• Comcast launched its Xfinity service to divert attention from its troubled brand though a new, hyperbolic and space-aged entertainment sub brand. In the end, it just confused a lot of people.
  • Ted, a set of global conferences, used TedX presumably to indicate an extension or auxiliary to the original, exclusive event.
  • Space transport company SpaceX seems to say it is headed to places unknown, perhaps in the same vein as the algebraic “solve for X” mode. It is instructive to think of the context of the X PRIZE, and www.x.com, Elon Musk’s first startup.
  • Universities are now joining the fray, each with its own purpose. Stanford’s StartX is an investment fund for student entrepreneurs. HarvardX is “a bold experiment to push the boundaries of learning through reimagined teaching, unprecedented research and cutting-edge technology,” or a response to the quandary of online learning.

With so many uses, all saying different, but ostensibly trendy things, is “X” going to go the way of “e”? Does it still add the desired magic to any identity? Can any one company or project really own it anymore? Or, is it really just a weak substitute for a creative expression of unique value?

If you’re thinking about using a trendy letter in your name, there are a few questions you should ask yourself:

  • Are you using the letter to say something meaningful, or just to get attention? Attention getters typically have shorter shelf lives.
  • Does the use of a trendy letter create sustainable differentiation, or do you risk blending in over time as others adopt the same idea? This tactic has a very low barrier to adoption.
  • How long will it be before the trend is over and the market has moved past your naming convention?

Some companies have managed to take true ownership of trendy letter. Apple has done quite well (and protected itself very aggressively) with “i”. VMware has made a strong case for its ownership of lowercase “v”. The bottom line: be sure that what you’re doing is relevant, ownable and works with your overall brand strategy.

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Sound Bites, Slogan, and Political Positioning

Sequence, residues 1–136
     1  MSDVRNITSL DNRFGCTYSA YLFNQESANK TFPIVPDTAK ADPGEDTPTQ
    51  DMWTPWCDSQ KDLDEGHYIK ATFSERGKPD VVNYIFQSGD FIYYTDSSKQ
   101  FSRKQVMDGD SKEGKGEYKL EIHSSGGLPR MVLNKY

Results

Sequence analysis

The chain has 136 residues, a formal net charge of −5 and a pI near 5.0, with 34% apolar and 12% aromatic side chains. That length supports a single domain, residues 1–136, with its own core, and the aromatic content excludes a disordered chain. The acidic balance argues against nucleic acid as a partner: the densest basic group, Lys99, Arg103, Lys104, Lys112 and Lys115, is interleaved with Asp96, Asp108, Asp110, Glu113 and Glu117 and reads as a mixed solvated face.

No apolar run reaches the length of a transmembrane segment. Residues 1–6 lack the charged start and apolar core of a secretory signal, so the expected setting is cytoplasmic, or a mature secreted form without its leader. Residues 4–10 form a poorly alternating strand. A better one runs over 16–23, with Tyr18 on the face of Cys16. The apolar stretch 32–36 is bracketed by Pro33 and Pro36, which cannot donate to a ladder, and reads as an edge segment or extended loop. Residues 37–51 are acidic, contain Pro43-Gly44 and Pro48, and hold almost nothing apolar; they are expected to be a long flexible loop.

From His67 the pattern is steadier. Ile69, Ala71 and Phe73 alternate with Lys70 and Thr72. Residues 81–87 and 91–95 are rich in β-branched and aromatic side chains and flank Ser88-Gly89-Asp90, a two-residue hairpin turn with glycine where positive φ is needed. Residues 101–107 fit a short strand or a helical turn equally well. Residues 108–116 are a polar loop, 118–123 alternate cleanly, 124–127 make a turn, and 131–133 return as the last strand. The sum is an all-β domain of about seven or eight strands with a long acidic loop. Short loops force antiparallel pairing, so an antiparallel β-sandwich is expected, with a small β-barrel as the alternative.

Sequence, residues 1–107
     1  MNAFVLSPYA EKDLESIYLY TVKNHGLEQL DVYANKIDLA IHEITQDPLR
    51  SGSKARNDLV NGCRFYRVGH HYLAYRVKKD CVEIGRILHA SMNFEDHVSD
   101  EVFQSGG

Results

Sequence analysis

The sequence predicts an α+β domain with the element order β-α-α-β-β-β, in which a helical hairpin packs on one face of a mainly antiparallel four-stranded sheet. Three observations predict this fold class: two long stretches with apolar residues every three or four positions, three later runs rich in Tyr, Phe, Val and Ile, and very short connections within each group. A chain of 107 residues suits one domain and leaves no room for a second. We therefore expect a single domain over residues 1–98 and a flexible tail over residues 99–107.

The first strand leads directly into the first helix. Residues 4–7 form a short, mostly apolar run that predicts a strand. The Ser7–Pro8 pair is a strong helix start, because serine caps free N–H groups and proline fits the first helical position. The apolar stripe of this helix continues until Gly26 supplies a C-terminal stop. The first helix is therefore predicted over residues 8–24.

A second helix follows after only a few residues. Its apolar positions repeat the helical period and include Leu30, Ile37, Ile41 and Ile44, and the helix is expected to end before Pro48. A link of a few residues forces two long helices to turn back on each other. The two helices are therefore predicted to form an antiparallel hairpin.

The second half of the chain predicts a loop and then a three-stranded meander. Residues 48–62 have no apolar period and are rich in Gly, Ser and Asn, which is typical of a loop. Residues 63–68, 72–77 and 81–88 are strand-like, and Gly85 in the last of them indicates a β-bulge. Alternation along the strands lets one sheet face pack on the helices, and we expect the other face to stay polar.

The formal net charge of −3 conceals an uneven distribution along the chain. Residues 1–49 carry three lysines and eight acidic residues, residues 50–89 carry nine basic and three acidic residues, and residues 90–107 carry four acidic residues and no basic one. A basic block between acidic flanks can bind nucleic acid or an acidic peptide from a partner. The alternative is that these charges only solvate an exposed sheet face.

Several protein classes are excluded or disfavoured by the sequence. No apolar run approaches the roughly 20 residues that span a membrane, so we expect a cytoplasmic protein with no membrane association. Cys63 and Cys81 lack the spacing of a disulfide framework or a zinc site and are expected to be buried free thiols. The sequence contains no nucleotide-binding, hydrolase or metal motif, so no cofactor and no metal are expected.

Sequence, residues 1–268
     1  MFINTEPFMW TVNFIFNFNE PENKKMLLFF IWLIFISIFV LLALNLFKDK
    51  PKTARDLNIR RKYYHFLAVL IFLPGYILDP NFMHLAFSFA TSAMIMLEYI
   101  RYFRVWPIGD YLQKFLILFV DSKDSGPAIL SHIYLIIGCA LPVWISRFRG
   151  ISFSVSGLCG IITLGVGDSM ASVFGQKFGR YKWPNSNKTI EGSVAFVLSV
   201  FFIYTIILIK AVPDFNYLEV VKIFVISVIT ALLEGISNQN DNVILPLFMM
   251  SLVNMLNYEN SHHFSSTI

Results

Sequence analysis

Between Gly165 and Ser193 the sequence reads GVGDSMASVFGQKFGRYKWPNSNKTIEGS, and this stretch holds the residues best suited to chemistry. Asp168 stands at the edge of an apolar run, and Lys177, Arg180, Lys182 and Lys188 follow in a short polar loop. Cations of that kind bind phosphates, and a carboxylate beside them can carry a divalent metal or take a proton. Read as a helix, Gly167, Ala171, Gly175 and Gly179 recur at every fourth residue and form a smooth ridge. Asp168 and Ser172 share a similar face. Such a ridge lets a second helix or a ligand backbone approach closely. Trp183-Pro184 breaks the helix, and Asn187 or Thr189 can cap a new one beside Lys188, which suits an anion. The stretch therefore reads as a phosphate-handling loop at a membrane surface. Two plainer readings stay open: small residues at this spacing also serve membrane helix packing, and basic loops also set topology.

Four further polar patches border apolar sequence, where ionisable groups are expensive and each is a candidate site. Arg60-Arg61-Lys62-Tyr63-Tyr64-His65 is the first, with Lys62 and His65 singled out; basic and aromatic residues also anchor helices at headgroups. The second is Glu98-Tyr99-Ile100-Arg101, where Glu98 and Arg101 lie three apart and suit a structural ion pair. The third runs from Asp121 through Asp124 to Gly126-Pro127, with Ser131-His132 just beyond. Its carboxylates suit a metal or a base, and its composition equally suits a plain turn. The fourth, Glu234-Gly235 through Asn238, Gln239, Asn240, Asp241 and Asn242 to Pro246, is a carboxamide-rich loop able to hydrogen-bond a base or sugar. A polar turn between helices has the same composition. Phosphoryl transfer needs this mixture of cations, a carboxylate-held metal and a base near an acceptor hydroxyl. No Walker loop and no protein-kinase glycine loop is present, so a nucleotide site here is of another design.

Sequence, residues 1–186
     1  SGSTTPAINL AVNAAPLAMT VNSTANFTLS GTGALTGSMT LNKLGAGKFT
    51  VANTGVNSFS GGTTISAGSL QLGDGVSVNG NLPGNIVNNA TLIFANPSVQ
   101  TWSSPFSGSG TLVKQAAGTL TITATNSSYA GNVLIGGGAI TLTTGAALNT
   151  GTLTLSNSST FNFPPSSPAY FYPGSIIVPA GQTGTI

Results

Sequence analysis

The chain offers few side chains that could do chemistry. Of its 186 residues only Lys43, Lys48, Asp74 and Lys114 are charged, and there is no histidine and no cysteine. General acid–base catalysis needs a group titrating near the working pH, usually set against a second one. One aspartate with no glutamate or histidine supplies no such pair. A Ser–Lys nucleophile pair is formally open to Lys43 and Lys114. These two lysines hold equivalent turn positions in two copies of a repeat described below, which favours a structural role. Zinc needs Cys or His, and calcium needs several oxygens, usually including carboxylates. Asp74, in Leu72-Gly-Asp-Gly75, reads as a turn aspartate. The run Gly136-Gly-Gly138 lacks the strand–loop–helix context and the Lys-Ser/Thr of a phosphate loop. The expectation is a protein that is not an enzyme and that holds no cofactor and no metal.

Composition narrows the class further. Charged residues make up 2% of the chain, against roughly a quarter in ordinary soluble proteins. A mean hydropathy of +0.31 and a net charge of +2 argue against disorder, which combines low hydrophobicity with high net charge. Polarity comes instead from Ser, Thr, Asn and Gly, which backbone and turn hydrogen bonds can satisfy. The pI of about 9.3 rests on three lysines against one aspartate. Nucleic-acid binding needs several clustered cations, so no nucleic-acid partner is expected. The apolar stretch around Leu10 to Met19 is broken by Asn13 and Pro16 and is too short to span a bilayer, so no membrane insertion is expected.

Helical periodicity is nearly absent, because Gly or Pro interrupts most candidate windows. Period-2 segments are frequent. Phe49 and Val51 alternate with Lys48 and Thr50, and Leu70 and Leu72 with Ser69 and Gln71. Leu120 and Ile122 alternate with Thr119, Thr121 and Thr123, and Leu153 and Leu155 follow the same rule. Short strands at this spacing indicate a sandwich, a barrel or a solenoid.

Advertising Age recently listed the slogans of 21 presidential candidates.

Forgetting who these slogans represent, if you know, or can tell:

  • Do any of these messages differentiate their candidate?
  • Are any of these campaign messages relevant, or compelling to you?
  • Which messages seem most credible? Least credible?
  • Which message would interest you in its candidate?
  • Reigniting the Promise of America

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Brand Impact of Mergers

The Brand Impact of Mergers

Last year saw a n ear-record high in M&A activity, which at $3.5 Trillion was the highest activity recorded in seven years, according to the New York Times. Tiny startups (WhatsApp: $19 Billion) and major blue chip companies (DirecTV: $49 Billion) were swallowed up by larger acquirers for astronomical sums.

The conventional wisdom fueling these buying sprees goes like this: once a company gets to a certain size, organic growth becomes very difficult to sustain. Acquiring into new areas or capabilities is a much faster route to growth in revenues, capabilities, and ideally profitability.

But what happens to brand value in these transactions? How should brands be managed to retain or augment their combined value? Which company gets to keep its brand name and promise, and what happens to the other? In our experience, too few companies invest in the upfront strategic thinking and decisions required to get full brand value, and hence business value, out of their mergers.